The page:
Artwork carved into mountain rocks sheds intimate light on locals’ war and post-war experiences
Rock art in a mountain village is providing a rare perspective on life in 20th century Poland, from World War II through to the 1980s.
Located in southern Poland, close to the border with Slovakia, the village of Skawica has been attracting researchers intrigued by drawings and words inscribed in large rocks by locals living through the turbulent times of war and communism.
The earliest examples come from the early 1940s, during World War II, reports Nauka w Polsce (Science in Poland).
One from 1942 shows a Swastika on some gallows.
Elsewhere, the man who inscribed it carved a poem commemorating the Warsaw Uprising of 1944 into a rock (it was made in 1948).
One rock wall has large carvings – around one metre high – of an eagle with a crown, like on Poland’s coat of arms, but which was removed during communism.
They were accompanied by the dates, 1948 and 1953, and the authors’ names.
According to Krzysztof Rak from the Institute of Archaeology at the Jagiellonian University in Kraków who, in addition to his research in Sub-Saharan Africa has an active interest in rock art in Poland, this was the local men’s way of contributing to the discussion in communist-era Poland at the time on modifying the country’s coat of arms.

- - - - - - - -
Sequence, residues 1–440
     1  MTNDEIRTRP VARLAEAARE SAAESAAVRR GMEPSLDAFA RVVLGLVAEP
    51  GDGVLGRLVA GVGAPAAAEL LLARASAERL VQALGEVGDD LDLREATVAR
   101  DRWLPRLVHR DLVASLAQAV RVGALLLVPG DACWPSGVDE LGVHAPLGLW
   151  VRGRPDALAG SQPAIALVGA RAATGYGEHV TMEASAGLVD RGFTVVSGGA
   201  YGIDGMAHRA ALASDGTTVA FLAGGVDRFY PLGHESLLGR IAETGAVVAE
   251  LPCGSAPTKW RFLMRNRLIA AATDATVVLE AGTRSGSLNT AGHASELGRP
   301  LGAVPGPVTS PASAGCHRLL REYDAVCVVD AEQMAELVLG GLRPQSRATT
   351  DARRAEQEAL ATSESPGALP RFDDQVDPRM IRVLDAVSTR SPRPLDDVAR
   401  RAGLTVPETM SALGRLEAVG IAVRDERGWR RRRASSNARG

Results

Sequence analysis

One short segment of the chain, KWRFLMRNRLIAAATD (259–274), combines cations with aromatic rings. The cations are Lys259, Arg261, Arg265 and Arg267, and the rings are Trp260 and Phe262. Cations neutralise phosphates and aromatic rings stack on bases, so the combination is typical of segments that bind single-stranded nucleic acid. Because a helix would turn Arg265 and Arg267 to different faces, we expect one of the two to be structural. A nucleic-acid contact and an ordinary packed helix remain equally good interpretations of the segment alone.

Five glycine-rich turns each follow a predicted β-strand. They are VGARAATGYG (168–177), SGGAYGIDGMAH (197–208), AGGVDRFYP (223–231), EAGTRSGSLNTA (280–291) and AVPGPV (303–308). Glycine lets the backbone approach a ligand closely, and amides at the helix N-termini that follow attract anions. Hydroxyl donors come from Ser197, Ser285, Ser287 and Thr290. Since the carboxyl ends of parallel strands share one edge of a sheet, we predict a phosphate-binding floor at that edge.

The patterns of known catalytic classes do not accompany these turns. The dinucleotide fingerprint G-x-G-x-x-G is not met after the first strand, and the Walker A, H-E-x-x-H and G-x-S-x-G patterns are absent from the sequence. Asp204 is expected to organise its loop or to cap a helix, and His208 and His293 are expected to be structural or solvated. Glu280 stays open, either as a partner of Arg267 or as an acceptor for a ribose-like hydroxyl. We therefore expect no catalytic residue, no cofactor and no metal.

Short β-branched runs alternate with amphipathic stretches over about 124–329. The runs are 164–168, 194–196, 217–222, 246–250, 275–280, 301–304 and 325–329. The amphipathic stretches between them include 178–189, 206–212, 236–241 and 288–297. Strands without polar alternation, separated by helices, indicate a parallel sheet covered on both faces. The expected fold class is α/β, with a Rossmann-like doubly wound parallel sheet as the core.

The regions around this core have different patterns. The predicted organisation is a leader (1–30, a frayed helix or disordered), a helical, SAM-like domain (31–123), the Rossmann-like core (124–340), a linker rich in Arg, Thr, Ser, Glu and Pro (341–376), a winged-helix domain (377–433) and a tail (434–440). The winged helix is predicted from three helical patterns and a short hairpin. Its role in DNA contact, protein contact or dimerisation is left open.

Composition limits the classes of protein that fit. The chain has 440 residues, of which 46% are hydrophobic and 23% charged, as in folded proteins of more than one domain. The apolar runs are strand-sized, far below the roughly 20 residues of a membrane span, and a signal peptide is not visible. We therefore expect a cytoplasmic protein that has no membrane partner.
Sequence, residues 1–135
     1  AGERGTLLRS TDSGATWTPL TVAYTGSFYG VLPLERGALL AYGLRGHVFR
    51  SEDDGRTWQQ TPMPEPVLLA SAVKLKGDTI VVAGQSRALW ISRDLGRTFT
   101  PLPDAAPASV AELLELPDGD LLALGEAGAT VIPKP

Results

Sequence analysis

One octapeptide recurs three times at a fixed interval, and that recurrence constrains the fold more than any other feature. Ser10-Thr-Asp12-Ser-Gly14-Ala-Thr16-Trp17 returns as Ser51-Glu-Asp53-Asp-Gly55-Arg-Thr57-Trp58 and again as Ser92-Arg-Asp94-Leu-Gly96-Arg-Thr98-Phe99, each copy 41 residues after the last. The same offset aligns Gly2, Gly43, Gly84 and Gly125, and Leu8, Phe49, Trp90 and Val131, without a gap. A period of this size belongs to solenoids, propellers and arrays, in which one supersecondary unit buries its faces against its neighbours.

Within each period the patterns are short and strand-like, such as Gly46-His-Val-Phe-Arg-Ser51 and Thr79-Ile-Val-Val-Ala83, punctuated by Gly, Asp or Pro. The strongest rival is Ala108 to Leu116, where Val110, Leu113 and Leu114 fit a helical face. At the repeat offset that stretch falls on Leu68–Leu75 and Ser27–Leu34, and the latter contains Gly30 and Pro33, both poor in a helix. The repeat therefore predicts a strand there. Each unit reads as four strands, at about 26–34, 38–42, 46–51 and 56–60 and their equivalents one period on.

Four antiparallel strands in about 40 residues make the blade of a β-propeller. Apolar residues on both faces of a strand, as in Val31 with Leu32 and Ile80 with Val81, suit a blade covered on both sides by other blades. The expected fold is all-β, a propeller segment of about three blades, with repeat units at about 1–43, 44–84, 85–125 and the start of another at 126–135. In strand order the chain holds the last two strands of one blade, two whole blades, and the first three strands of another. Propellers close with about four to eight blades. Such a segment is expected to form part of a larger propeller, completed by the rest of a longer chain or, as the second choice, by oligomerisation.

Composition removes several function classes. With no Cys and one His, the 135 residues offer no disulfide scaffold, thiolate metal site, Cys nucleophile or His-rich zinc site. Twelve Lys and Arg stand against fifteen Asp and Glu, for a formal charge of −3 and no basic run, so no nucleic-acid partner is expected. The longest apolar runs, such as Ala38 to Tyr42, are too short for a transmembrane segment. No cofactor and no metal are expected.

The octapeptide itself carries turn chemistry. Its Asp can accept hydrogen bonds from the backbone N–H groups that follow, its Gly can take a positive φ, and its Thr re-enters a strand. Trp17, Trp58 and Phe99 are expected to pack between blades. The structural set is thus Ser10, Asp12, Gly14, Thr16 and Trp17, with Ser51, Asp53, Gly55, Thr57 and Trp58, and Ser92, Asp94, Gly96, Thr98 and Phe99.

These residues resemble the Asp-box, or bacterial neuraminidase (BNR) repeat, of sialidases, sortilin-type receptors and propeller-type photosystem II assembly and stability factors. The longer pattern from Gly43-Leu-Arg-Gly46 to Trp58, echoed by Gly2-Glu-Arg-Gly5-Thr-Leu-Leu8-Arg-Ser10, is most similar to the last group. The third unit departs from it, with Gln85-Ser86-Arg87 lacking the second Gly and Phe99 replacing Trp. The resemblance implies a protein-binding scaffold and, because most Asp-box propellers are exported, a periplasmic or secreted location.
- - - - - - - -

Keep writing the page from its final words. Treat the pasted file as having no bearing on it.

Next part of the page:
Skawica has more rock art than other regions of the Carpathian Mountains.
Carved over several decades, it offers insights both into large-scale developments in Poland in the past and into the lives of local people, including mountain shepherds.
Not all the carvings relate to historical or political themes, though.
In another part of Skawica, which lies between two mountain ranges, Rak found rock art showing scenes from everyday life, such as people or shrines.
These, he suggests, were carved by bored young shepherds who were out with their animals.
These were carved between the 1940s and the 1980s, when animals stopped grazing in the area.
According to Rak, the phenomenon could’ve have begun following a visit to the area by the poet Maria Konopnicka.
He said: The memory of her stay in Skawica was very strong among its inhabitants.
“Shortly after the war, a teacher at a local school instructed her students to carve an inscription commemorating Konopnicka's stay in their village.
“For this purpose, the students pulled a boulder out of the river and moved it to the school building, where it remained until the 90s, after which it disappeared without a trace.
“It seems that some of the boys ‘caught the bug’ and more and more engravings began to appear in the area.”